Monday, 12 August 2013

On The Lookout For A Blogger

Daima whispered something that I pretended not to hear. Then she screamed and I sat up and looked at her with consternation. She talked about the way the new bride in the house was trying to change everything in a forceful way without thinking about the sentiments of the old like her brother, my father. The first thing that she did was to break the vow of austerity by having hot and spicy items on the menu nearly every day. Then to make matters even worse there was a talk of a little party that would not have anything religious in nature. I could feel her spewing fire as she said that it was too much for her to bear. I chose to play safe and kept quiet. She said in a stern voice that she needed to voice her protest and sought my help. I was thinking about the number of page views that my new post would attract and how I would increase my moz rank. As the widowed aunt looking prehistoric with her shriveled skin pestered me about finding a way to protest, I told her in a complacent manner that she would do better to burst on the scene as a blogger. Then what she said sounded as gibberish but I stuck to the point in the hope of getting her as a docile blogger at my side.

After dinner she met me again on the terrace on the persisting summer night and fastidiously learnt nearly everything about blogging and a blogger. I told her on the strength of my knowledge of what I myself learnt from the posts I had to read on a daily basis to inject life into my blog. Daima was sweating profusely as the wind had dropped and then she suddenly hit me with the hand fan demanding an explanation for my suggestion for her starting a blog. I winced but I regained the composure of a dogged blogger and told her that it was her critical acumen that would make her a successful blogger. I also told her that though she was old she did not have any morbid obsession with death and could make the most of the last few days of her life in a critical manner. Then she lowered her voice to  a whisper and said she could not write as her fingers seemed to tremble all the time. Though I was touched I told her in a voice that did not quiver that she could upload pictures on her blog without having to write anything. She at once cheered up saying that she would like to upload the cute image of her grandson crawling on the floor of his house. But then she fell silent without saying anything. I did not press for anything further from her as I knew that she would not be able to upload any picture of her grandson as she did not have any.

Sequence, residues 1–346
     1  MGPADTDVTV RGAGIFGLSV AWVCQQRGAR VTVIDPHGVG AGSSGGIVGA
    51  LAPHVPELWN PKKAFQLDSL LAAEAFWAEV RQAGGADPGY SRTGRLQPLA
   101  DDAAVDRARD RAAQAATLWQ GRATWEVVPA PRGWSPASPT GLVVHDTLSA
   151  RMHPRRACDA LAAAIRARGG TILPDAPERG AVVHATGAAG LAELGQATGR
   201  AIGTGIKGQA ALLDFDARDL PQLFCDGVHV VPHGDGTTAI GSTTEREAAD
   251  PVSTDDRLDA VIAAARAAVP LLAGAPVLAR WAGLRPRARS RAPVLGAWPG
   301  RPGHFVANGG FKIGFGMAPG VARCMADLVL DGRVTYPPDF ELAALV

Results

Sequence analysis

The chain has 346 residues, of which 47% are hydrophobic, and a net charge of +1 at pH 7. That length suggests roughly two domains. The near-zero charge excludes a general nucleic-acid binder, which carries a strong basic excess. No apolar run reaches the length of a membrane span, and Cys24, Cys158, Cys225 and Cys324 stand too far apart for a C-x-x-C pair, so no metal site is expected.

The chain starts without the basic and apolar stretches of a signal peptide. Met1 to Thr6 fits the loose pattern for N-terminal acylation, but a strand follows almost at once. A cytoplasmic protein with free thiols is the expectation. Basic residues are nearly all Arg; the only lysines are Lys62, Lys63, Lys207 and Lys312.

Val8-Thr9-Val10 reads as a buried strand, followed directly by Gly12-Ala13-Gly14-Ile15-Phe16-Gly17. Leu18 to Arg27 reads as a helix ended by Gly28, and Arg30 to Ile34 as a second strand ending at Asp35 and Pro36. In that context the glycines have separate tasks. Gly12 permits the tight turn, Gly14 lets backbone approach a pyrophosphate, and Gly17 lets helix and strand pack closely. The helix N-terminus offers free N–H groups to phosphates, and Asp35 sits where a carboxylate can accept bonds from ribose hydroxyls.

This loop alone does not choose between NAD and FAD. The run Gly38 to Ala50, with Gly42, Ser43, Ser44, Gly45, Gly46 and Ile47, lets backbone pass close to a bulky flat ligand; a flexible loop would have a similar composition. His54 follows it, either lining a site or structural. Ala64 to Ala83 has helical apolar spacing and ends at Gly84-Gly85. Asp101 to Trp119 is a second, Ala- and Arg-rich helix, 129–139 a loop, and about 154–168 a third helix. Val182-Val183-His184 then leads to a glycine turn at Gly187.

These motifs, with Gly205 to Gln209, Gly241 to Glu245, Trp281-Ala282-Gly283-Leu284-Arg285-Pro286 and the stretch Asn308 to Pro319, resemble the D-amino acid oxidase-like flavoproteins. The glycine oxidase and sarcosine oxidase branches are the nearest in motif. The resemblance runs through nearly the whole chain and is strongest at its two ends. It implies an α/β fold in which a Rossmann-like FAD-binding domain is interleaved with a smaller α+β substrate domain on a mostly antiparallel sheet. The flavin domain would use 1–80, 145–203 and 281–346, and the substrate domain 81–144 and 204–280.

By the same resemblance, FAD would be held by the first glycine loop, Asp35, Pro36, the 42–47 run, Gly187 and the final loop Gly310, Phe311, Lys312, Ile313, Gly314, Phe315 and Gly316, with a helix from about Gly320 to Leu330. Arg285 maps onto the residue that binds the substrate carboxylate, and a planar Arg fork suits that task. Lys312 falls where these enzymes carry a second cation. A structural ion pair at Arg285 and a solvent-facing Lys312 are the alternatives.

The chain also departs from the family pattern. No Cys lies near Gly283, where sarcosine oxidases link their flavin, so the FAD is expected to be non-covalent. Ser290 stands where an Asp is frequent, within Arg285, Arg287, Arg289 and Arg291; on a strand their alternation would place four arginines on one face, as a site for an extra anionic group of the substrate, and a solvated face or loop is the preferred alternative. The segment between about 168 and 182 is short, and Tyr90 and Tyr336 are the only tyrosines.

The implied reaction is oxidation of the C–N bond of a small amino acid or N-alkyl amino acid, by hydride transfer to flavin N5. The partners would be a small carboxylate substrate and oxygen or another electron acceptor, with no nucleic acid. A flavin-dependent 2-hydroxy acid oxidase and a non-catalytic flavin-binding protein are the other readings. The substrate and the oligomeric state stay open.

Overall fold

Daima was the widow of our immediate neighbor who had died many years ago. She was a fairly educated and the credit for this went to her father who stood his ground fiercely against a stifling orthodox atmosphere of the family. Her education stood her in good stead when she had to fight for her survival with her young son. She managed with the interest from the paltry savings of her husband and gave tuitions to the children from the locality. Then she did something exemplary to bring up and educate her son.  Her brilliant son graduated from an engineering college and left the country to graze in bigger pastures, keeping her mother floating in a world of dreams. But he did not come back as the overseas job kept him preoccupied with a fashionable wife and different style of family life. She received some money from him and then it all stopped on the excuse that life in the west was very expensive. She was rescued from a futile attempt to end her life and honourably accommodated in our house by my father. Once in his childhood days when my father returned from a cycling race with the mangled cycle and bruises all over, she had been a wall before his father and he could escape his punishment. On many occasions she prepared sweetmeats for him and gave him the love of a son, though the gap in years was not too great. He broke down when he saw her trying to put an end to her life due to the negligence of her son.


Daima was the guardian of our house and one could not flout her but the new bride seemed to test waters by introducing new rules. She became passive and did not want cross paths with her. One  night she got a mild fever and had the new bride sitting at her bed side nursing her for hours. The only interruption that she seemed to experience was when the perky girl screamed at her husband saying that he should take a picture of her nursing the aunt as she wanted to use it in the next post on her blog. The aunt stiffened and I ran out of the room, evaporating.